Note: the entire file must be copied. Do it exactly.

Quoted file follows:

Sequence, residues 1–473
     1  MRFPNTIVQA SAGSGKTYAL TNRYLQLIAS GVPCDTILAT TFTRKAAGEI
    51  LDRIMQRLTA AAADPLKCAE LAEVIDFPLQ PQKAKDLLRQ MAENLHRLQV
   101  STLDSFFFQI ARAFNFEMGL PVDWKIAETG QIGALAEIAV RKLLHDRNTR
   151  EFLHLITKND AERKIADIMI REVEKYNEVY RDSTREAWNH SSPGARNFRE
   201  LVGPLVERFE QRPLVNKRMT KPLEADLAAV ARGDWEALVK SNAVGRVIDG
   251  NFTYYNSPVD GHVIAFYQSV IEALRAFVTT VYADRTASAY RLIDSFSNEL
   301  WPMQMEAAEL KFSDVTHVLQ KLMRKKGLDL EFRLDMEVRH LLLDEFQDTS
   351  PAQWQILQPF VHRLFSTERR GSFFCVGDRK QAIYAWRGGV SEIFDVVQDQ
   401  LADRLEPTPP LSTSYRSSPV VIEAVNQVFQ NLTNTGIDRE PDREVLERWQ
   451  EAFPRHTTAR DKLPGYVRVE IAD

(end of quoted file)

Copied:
Sequence, residues 1–473
     1  MRFPNTIVQA SAGSGKTYAL TNRYLQLIAS GVPCDTILAT TFTRKAAGEI
    51  LDRIMQRLTA AAADPLKCAE LAEVIDFPLQ PQKAKDLLRQ MAENLHRLQV
   101  STLDSFFFQI ARAFNFEMGL PVDWKIAETG QIGALAEIAV RKLLHDRNTR
   151  EFLHLITKND AERKIADIMI REVEKYNEVY RDSTREAWNH SSPGARNFRE
   201  LVGPLVERFE QRPLVNKRMT KPLEADLAAV ARGDWEALVK SNAVGRVIDG
   251  NFTYYNSPVD GHVIAFYQSV IEALRAFVTT VYADRTASAY RLIDSFSNEL
   301  WPMQMEAAEL KFSDVTHVLQ KLMRKKGLDL EFRLDMEVRH LLLDEFQDTS
   351  PAQWQILQPF VHRLFSTERR GSFFCVGDRK QAIYAWRGGV SEIFDVVQDQ
   401  LADRLEPTPP LSTSYRSSPV VIEAVNQVFQ NLTNTGIDRE PDREVLERWQ
   451  EAFPRHTTAR DKLPGYVRVE IAD